Once Upon a Time in Hollywood: Tarantino’s earnest celebration of cinema is an extravagant and nostalgic ode to a world that does not exist anymore
Quentin Tarantino has pleaded with critics not to spoil this film and it makes some degree of sense. The central twist is an astonishing act of wish fulfilment, eerily rearticulating and contorting the dreamscape of Hollywood. This is an unabashed love letter to the movie business, one undoubtedly drawn from Tarantino’s experience growing up in LA during the Manson murders.
TV actor Rick Dalton (Leonardo DiCaprio) and his stunt double Cliff Booth (Brad Pitt) face a changing industry. Both ageing and only slightly jaded, the pair help each other through a constant exchange of favours, big and small. Rick employs Cliff for general assistance and odd jobs – the TV aerial needs fixing – in return for a drinking buddy and a partner of solace. Upcoming actor Sharon Tate (Margot Robbie) moves next door to Rick with director Roman Polanski, forming the ominous point of history around which the film revolves.
There’s visceral fun in watching these actors together. Pitt and DiCaprio conduct easy repartee from the reclined position. Robbie is affecting for the scenes in which Tate gleefully watches herself for the first time, on the big screen. In a dialled-in turn, Al Pacino has a small role as Marvin Schwarz, who holds in his hands Rick’s foray into Italian cut-and-paste westerns.
There is a raft of 60s cinematic references – said westerns, crime procedurals, horrors – that combine to form a cinephile’s playground. To enjoy Once Upon a Time… is to see such references as valuable and entertaining in and of themselves. Barbara Ling translates these nods into painstaking set decoration and design, and Rick’s poster collection allows for a cavalcade of wordplay and genre teasing. Song choices blatantly evoke the era, chiming in and out, a tantalising echolalia. Hello darkness, my old friend…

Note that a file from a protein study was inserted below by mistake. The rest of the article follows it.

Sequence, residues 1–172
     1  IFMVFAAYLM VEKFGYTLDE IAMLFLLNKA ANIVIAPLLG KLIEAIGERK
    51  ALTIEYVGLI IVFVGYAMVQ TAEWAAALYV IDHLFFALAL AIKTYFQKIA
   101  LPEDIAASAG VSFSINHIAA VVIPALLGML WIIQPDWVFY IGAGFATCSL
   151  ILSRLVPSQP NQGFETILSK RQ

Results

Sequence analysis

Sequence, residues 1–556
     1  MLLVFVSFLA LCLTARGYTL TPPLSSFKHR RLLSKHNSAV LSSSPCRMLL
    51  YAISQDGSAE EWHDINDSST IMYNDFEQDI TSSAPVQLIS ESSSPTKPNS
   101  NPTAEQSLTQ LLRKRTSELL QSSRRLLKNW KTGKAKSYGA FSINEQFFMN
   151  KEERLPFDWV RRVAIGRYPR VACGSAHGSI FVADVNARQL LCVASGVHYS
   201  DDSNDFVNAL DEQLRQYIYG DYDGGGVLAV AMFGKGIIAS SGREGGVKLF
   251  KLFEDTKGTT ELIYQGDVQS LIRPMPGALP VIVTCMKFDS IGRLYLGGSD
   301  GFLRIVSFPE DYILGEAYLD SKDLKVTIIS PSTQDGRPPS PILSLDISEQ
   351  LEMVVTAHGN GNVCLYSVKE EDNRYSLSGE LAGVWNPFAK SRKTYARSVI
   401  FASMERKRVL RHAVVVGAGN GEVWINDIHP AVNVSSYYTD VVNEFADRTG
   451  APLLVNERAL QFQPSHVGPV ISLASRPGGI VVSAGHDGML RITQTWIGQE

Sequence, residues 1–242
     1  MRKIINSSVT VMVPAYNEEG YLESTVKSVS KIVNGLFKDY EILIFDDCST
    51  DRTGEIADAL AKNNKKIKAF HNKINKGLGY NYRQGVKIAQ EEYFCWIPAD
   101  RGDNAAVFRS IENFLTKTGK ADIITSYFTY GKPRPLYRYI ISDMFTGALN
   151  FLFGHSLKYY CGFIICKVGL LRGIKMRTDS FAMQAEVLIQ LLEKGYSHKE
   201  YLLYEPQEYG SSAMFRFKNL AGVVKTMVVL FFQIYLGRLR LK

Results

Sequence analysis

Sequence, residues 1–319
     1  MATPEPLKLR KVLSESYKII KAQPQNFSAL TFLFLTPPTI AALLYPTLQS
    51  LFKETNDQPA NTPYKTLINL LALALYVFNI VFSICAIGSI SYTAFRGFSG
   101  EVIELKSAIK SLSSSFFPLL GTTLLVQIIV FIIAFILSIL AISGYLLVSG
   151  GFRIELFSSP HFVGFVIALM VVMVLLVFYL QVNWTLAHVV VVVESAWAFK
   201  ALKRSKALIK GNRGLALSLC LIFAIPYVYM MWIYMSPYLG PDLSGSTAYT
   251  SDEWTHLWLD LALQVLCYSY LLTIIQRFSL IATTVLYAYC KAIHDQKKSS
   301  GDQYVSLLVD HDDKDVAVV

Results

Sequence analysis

Sequences are baggy, scattered. We go back and forth between narrative strands with few appeals to unity or form. Shots appear in stark primary colours: bleached yellow dirt tracks and sun-dappled hills. Tarantino retains an eye for the acute perspective, the composed angling of the frame. Enclosed spaces, kitchens particularly, possess unbridled kinetic energy, a crackling sense of danger. The director also manages sharp jabs at contemporary artistic and political anxieties: the position of women, the popularity of method acting.
Fear of ultimate violence is ever-present but cleverly inverted. Fights are funny and caricatured, while the final act delirium produces an exultant rejoinder to the horror of reality and the brutality of history. The conceptual possibilities of once-upon-a-time are stretched to their endpoint, and movie myth and legend exist in a persistent state of uncertainty. As storytelling, this film lacks cohesion. But many will take satisfaction in Tarantino’s earnest celebration of cinema, an extravagant and nostalgic ode to a world that does not exist anymore but still could have been better.
Once Upon a Time in Hollywood is released nationwide on 14th August 2019.
Read more reviews from our Cannes Film Festival 2019 coverage here.
For further information about the event visit the Cannes Film Festival website here.
Watch the trailer for Once Upon a Time in Hollywood here: